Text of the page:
Note too that the ACLU’s statement above does not mention that Heard’s pledge was not redeemed.

  • In 2019, an ACLU attorney stated that the ACLU planned to file an amicus brief supporting Heard in the Virginia trial. As far as I know, such a brief was never filed.
  • NBC Channel 9 News in Denver reports that the ACLU is now suing Depp for $86,000 in legal fees to recover the costs of preparing documents that Depp had requested but that the ACLU had refused.  This can’t be anything more than a cheap attempt at revenge. Here’s a tweet about it:

  • Finally, after six years, the ACLU still has a headline on its own site that says this:

With the quote:

Actress Amber Heard announced yesterday she will give the American Civil Liberties Union half of her $7 million divorce settlement to support our work fighting violence against women. The other half of the settlement will be donated to the Children’s Hospital of Los Angeles.

This badly needs updating. The pledge to the ACLU was not met, and the Children’s Hospital got nothing.

The Upshot:  Although Depp “won” the contesting defamation suits in terms of money, I don’t much care. I’m not a fan of Depp, have no feelings about Heard, and would call out the ACLU no matter who won this suit. 

But the ACLU’s behavior remains reprehensible, marking its approach ever closer to the drain. It seems very much like the organization had an “understanding” with Heard, giving her a possible amicus brief, an op-ed (written by them), and appointing her an ambassador in return for a “donation” of millions of dollars.  Their writing an op-ed that is signed solely by Heard is itself an offense that could get a student kicked out of college It is palpably dishonest; the paper should have at least mentioned that the op-ed was written by the ACLU (Heard may have contributed a few words).

The ACLU also violated its own principles by taking sides in the case before it was heard, implying before the trial in the “pitch” and the WaPo op-ed that Depp was guilty of abusing Heard. It also seems unethical for me for the ACLU, given the financial side of things, proposed to write an amicus brief for Heard. This was not  a defense of civil liberties, but defense of a private individual in a civil case.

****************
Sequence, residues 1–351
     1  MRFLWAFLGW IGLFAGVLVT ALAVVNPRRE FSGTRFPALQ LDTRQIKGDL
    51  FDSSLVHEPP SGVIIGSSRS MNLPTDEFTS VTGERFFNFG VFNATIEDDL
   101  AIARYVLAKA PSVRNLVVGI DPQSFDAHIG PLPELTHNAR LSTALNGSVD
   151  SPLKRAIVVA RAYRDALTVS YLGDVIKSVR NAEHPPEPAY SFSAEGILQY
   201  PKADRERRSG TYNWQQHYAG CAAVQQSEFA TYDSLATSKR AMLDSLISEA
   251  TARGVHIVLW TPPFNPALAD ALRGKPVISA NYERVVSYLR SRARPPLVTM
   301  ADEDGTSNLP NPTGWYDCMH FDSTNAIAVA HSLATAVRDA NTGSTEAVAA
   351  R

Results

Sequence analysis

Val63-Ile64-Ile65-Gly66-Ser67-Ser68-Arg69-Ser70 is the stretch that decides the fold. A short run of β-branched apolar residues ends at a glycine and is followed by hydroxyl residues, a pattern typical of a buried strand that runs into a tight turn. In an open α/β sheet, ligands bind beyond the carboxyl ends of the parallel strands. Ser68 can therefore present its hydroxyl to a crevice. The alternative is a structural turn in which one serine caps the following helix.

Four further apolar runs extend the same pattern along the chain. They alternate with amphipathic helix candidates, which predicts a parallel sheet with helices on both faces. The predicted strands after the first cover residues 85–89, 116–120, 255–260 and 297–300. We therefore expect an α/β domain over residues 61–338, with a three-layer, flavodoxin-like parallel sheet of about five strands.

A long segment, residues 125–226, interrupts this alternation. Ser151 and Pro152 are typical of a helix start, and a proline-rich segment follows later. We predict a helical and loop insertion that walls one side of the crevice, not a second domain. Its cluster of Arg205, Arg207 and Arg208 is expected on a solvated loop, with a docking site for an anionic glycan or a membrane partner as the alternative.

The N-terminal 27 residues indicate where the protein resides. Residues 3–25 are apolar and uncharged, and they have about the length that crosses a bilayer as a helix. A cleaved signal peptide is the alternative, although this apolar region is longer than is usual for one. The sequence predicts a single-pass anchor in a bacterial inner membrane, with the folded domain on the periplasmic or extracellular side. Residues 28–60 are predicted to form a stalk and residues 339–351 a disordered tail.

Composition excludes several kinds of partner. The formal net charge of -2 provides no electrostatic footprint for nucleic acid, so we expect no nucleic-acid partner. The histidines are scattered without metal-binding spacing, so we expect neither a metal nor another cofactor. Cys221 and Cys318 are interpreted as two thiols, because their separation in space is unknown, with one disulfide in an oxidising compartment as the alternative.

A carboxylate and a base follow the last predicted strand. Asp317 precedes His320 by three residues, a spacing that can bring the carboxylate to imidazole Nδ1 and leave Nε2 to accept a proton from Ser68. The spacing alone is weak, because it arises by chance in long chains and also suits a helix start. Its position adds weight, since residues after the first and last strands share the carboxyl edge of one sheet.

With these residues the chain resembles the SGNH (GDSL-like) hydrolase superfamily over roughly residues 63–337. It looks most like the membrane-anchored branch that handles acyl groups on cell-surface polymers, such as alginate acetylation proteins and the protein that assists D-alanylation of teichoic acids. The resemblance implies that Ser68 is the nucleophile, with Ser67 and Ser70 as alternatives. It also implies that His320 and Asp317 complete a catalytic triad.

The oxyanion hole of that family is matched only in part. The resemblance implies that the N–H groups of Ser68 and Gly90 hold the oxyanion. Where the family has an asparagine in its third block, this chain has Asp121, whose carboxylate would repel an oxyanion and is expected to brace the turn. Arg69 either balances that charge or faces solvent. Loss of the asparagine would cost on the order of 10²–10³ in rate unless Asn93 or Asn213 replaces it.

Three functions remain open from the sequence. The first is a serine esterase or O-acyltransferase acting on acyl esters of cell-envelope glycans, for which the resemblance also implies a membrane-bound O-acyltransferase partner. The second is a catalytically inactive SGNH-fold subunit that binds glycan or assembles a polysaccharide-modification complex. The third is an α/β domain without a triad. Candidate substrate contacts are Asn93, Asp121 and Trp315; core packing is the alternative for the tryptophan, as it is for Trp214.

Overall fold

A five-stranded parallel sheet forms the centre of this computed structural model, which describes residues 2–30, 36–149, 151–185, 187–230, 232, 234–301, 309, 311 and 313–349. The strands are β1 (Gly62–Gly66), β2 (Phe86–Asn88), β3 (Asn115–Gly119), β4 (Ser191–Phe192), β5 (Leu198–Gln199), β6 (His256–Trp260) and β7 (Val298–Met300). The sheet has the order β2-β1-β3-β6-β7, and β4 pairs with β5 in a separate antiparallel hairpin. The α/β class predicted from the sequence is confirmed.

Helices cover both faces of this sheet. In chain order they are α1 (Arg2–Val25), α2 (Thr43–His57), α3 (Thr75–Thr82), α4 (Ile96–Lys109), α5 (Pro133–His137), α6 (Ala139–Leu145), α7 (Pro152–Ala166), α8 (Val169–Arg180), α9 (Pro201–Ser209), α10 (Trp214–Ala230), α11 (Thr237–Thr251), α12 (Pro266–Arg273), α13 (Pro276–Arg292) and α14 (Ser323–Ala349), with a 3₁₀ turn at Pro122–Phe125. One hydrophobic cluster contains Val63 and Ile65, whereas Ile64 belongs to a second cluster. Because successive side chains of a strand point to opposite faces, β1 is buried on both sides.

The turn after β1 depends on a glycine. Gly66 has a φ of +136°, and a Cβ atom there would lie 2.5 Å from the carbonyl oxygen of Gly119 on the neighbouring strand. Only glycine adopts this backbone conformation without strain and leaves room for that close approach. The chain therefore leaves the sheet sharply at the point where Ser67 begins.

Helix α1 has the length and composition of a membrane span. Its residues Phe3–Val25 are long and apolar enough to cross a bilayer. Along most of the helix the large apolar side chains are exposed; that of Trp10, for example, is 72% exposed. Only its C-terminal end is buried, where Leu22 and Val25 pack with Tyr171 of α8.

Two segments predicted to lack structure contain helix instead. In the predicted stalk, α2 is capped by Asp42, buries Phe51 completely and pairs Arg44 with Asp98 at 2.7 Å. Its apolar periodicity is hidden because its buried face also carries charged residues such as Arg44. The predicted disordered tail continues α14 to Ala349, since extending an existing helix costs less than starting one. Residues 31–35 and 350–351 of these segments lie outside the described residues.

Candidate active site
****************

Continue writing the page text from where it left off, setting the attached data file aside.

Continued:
Now another possible motivation for the ACLU’s actions in this case—beyond money—is that by taking sides against Depp, they thought they were “on the right side of history.”  That is, they were taking the side that says “blame the man in cases like this and believe the woman.” If so, that could be a “progressive social justice side” of the case. And, in fact, in cases like this it is usually the men who perpetrate the violence and the women who tell the truth about it. But that doesn’t always hold true, and there’s no strong evidence that it did in Depp v. Heard.

Will the ACLU ever get back on the rails again? I still have hope, but given the young people in charge of the organization and my own dotage, I doubt that I’d ever see such a result before I croak.

28 thoughts on “Depp v. Heard: the role of the ACLU

  1. It seems the ACLU’s new approach to civil liberties is getting them more donations. Sad to say, that may be determining their platform. From Influence Watch (https://www.influencewatch.org/non-profit/american-civil-liberties-union-aclu/):

    The ACLU is funded by small-dollar membership contributions. The ACLU substantially expanded its claimed membership and financial coffers in 2017.[116] The group claimed that its membership quadrupled from 400,000 members in 2016 to 1.6 million members in 2017. It also claims that it raised more than $83 million from member donations during that time period.

  2. I also did not follow the trial in detail, but, as I learned the role that both the Post and the ACLU played, I was surprised that Depp was not also suing them. I believe that the Post has an editorial responsibility not to print defamatory language, even in an op-ed. (Ken correct me if I am wrong.)

    1. A public figure can sue a newspaper (or anyone else that publishes defamatory statements) only if the public figure can prove by a preponderance of the evidence that the party did so with “actual malice” — viz., with knowledge that the allegations were false or with reckless disregard for the allegations’ truth or falsity.

      It is, and was designed to be, a demanding standard, to afford “breathing space” for free speech. See the two SCOTUS cases I linked to in my comment below, DrB.